2005 Salt Lake City Annual Meeting (October 16–19, 2005)

Paper No. 7
Presentation Time: 9:30 AM


LIFTON, Zachery M.1, THACKRAY, Glenn D.1, GLENN, Nancy F.2, LINK, Paul K.1 and VAN KIRK, Robert3, (1)Department of Geosciences, Idaho State University, Pocatello, ID 83209, (2)Department of Geosciences, BCAL, Boise State University, 1910 University Drive, Boise, ID 83725-1535, (3)Department of Mathematics, Idaho State University, Pocatello, ID 83209, liftzach@isu.edu

The fluvial geomorphology of Big Creek, a tributary to the Middle Fork Salmon River in central Idaho, was investigated using the Schmidt Hammer to determine what, if any, relationships exist between the relative in situ bedrock strength and valley morphometry, and through which mechanisms or processes they might be related. The Schmidt Hammer is a useful tool in the quantitative study of geomorphology since it measures rock strength by quantifying relative in situ rebound values of exposed bedrock. Thirteen reaches, ranging from 200 m to 1700 m in length, are studied on Big Creek. Data were measured in the field and extracted from digital elevation models (DEMs) in order to compare rock strength to three valley parameters: valley floor width, stream gradient, and hillslope gradient. Valley floor width was measured with a laser rangefinder. Stream gradient and hillslope gradient were measured from DEMs using ArcMap, SWAT, and RiverTools software.

A strong negative correlation (r² = 0.8394, P = 1.08x10-5) exists between Schmidt hammer rebound and valley floor width; wide valley floors correspond to weak bedrock, and narrow valley floors correspond to strong bedrock. The valley floor width is most responsive to the rebound value on the weaker of the two valley sides (usually the north side). A statistically significant difference in rebound values exists between north- and south-facing slopes, indicating that aspect has an influence on bedrock strength. Rebound values on the north side of the valley, which is south-facing, tend to be lower than those on the south side of the valley, caused by the north side of the valley experiencing more freeze-thaw cycles.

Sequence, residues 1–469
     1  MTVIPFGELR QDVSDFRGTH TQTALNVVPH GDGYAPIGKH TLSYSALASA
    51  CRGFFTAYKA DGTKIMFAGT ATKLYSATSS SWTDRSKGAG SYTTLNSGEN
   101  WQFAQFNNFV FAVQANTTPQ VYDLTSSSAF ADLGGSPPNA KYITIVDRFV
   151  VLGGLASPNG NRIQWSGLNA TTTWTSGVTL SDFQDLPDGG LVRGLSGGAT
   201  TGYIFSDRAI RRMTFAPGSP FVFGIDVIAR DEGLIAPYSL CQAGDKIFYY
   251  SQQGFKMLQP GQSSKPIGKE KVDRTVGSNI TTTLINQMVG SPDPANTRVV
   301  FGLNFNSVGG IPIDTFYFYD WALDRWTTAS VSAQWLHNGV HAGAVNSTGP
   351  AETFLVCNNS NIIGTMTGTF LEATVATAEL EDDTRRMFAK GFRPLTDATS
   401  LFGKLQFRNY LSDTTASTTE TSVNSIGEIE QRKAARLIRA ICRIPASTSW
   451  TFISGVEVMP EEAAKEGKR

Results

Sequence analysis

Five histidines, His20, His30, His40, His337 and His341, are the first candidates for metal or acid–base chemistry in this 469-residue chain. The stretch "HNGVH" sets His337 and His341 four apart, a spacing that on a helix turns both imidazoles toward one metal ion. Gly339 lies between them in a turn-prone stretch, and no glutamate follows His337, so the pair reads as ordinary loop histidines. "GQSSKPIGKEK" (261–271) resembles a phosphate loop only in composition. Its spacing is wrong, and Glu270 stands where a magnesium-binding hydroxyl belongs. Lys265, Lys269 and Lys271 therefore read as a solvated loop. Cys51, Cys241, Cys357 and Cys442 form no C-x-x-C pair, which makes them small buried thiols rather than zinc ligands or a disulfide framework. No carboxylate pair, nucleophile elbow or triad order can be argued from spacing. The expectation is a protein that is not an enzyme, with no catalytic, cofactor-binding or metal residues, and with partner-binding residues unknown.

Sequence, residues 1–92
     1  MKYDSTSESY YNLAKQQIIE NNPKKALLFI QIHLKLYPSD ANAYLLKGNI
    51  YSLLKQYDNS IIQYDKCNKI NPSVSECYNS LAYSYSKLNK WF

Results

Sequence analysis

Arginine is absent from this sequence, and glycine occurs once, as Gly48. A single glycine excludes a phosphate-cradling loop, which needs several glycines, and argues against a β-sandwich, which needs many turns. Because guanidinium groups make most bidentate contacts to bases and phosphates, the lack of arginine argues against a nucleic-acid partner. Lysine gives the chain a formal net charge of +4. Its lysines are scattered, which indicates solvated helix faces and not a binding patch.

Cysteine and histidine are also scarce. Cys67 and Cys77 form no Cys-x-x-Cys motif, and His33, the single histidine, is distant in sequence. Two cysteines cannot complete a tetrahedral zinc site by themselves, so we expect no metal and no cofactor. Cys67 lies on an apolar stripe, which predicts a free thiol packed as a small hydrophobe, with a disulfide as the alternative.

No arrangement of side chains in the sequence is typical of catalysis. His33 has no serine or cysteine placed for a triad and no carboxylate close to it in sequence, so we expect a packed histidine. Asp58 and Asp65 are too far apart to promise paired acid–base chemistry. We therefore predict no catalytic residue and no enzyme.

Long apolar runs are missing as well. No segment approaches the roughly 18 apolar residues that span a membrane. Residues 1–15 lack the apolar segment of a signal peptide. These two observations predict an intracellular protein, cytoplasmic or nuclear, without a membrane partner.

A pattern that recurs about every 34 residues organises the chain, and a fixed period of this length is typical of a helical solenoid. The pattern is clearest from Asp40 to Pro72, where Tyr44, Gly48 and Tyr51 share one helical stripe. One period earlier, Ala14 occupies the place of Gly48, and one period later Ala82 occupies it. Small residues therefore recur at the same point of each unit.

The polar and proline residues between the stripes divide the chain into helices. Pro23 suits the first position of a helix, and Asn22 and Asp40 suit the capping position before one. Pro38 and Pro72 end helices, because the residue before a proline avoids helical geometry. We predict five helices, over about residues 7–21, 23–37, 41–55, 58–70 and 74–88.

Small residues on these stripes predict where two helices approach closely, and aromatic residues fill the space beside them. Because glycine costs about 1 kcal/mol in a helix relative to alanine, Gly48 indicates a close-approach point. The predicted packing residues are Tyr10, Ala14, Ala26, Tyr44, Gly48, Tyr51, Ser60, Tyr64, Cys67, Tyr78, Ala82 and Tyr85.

No correlation exists between Schmidt Hammer rebound and stream gradient, possibly because of the masking effect that the thin veneer of alluvial sediment has on the gradient of underlying bedrock. Likewise, no correlation exists between Schmidt Hammer rebound and hillslope gradient, which is probably due to the complexity of hillslope processes and the limited spatial distribution of rebound data. However, hillslope gradient is weakly correlated (r² = 0.6473, P = 0.0009) to valley floor width.